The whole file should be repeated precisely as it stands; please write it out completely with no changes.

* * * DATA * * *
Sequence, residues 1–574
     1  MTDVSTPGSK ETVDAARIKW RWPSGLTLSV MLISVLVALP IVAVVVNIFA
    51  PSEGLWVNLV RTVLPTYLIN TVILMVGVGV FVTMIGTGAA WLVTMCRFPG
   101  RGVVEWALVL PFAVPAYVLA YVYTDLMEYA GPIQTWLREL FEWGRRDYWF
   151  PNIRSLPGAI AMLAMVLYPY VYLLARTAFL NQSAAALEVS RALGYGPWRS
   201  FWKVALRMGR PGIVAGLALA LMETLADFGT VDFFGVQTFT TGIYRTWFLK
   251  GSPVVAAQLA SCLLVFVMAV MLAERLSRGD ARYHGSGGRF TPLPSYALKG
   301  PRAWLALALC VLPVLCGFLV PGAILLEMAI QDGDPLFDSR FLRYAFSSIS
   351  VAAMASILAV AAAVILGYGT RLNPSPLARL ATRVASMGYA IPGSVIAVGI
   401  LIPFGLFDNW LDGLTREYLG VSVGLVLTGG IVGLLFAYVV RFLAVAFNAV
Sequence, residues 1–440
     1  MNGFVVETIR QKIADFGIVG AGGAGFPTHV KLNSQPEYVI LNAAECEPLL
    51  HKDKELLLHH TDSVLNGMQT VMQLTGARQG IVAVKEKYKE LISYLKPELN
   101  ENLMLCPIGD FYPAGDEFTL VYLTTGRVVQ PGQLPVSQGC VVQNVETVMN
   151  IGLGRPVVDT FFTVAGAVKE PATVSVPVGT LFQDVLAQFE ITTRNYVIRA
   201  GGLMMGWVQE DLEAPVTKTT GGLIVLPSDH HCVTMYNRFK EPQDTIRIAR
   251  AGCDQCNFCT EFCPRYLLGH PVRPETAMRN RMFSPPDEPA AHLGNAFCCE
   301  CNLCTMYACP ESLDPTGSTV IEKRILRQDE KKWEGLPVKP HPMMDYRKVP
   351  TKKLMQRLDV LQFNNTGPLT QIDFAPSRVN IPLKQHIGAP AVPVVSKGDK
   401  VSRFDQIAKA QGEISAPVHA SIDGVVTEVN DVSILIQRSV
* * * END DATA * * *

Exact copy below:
Sequence, residues 1–574
     1  MTDVSTPGSK ETVDAARIKW RWPSGLTLSV MLISVLVALP IVAVVVNIFA
    51  PSEGLWVNLV RTVLPTYLIN TVILMVGVGV FVTMIGTGAA WLVTMCRFPG
   101  RGVVEWALVL PFAVPAYVLA YVYTDLMEYA GPIQTWLREL FEWGRRDYWF
   151  PNIRSLPGAI AMLAMVLYPY VYLLARTAFL NQSAAALEVS RALGYGPWRS
   201  FWKVALRMGR PGIVAGLALA LMETLADFGT VDFFGVQTFT TGIYRTWFLK
   251  GSPVVAAQLA SCLLVFVMAV MLAERLSRGD ARYHGSGGRF TPLPSYALKG
   301  PRAWLALALC VLPVLCGFLV PGAILLEMAI QDGDPLFDSR FLRYAFSSIS
   351  VAAMASILAV AAAVILGYGT RLNPSPLARL ATRVASMGYA IPGSVIAVGI
   401  LIPFGLFDNW LDGLTREYLG VSVGLVLTGG IVGLLFAYVV RFLAVAFNAV
Sequence, residues 1–440
     1  MNGFVVETIR QKIADFGIVG AGGAGFPTHV KLNSQPEYVI LNAAECEPLL
    51  HKDKELLLHH TDSVLNGMQT VMQLTGARQG IVAVKEKYKE LISYLKPELN
   101  ENLMLCPIGD FYPAGDEFTL VYLTTGRVVQ PGQLPVSQGC VVQNVETVMN
   151  IGLGRPVVDT FFTVAGAVKE PATVSVPVGT LFQDVLAQFE ITTRNYVIRA
   201  GGLMMGWVQE DLEAPVTKTT GGLIVLPSDH HCVTMYNRFK EPQDTIRIAR
   251  AGCDQCNFCT EFCPRYLLGH PVRPETAMRN RMFSPPDEPA AHLGNAFCCE
   301  CNLCTMYACP ESLDPTGSTV IEKRILRQDE KKWEGLPVKP HPMMDYRKVP
   351  TKKLMQRLDV LQFNNTGPLT QIDFAPSRVN IPLKQHIGAP AVPVVSKGDK
   401  VSRFDQIAKA QGEISAPVHA SIDGVVTEVN DVSILIQRSV